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10 myths about Lean projects

Adeline Teoh
February 6, 2012

Lean and Agile processes are becoming more popular as project management begins to take on board concepts such as reducing rework, reducing waste and focusing on quality.

Thomsett International presents its Lean Architecture and Agile Feature Implementation course in Melbourne over 16–17 February 2012. Project Manager Online spoke to presenter James Coplien on what makes software architecture Lean and a project Agile.

Can Lean/Agile be used in projects other than software development?

Of course. ‘Lean’ is commonly taken to imply practices inspired by the Toyota Production System and its relatives like Total Productivity Maintenance. These practices were being used in automobile manufacturing long before software gave them formal stature among its practices.

We’ve been interacting with a construction firm here in Denmark that is one of many firms worldwide doing Lean construction: homes, highways, office buildings and the like. These principles are broad, and are commonly and broadly applied in an integrated way.

The term ‘Agile project’ is kind of a strange word that doesn’t strongly classify a development, so it’s a little harder to answer that.

What are some of the common misperceptions about Lean/Agile project management?

1. People feel that Lean and Agile are about project management. Lean is about processes for producing product. Project management is usually focused on time and money management, and usually derives from a fixed budget with an eye to delivering a project in the long term. Good Agile development focuses on small bites of incremental delivery, and Lean focuses on value.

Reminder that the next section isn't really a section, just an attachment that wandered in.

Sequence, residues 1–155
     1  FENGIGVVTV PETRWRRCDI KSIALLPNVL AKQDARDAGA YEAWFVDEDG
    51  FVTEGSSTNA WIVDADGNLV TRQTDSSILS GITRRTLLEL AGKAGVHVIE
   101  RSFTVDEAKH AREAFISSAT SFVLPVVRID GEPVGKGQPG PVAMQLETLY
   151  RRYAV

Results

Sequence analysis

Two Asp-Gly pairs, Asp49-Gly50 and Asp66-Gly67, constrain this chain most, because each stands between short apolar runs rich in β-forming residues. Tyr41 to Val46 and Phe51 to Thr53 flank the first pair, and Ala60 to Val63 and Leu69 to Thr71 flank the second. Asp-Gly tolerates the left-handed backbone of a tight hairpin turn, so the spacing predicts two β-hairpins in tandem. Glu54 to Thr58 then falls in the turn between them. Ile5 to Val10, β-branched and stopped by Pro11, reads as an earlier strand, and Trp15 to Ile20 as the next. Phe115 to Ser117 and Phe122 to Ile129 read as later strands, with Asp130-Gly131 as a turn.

2. People feel that Lean and Agile are about loosening constraints, but for most people they entail a higher level of discipline than holds for other techniques. Time boxing without overtime is a key feature of Agile: it takes guts and discipline to do that. Delivering a Done product in Scrum takes immense discipline even in parts of development that are usually invisible to the business such as refactoring code.

3. People feel that Agile means fast. Sometimes you need to be fast to keep pace with suppliers and the market, but both Agile and Lean are more about synchronisation and rhythm than they are about speed. In the Toyota Way it’s commonly called takt (from the German word taktzeit, which translates to ‘cycle time’).

4. People feel that Agile and Lean give them productivity. Productivity links closely to overproduction, which the Toyota Way views as the number one cause of waste. Productivity is why we have so many unreviewed requirements and such masses of code that are never executed.

5. People feel that Agile and Waterfall are antonyms. In fact, the main problems of Waterfall are that it gathers all requirements up front, and that it tends to organise people in stovepipes. That means people touch a product only for a slice of its development rather than following it cradle to grave. Most people think that the evil of Waterfall is its phases of analysis, design, implementation/test, yet we find these in Scrum.

6. People feel that Agile is about not doing upfront architecture, a concept borne of the XP (extreme programming) idea that “you’re not going to need it”. That’s kind of a naive application of the Toyota ideas of ‘just-in-time’. XP and Agile are much about doing, usually always together with the computer: writing code (in pairs), testing code, interacting with other, getting the software to work, collaborating with customers, and so forth. Doing, doing, doing. There is little thinking in Agile.

The Toyota Way, on the other hand, is all about planning. It’s not about following the plan, but as Dwight D Eisenhower said: “I find that when going into battle, plans are useless. Planning, however, I find to be indispensable.”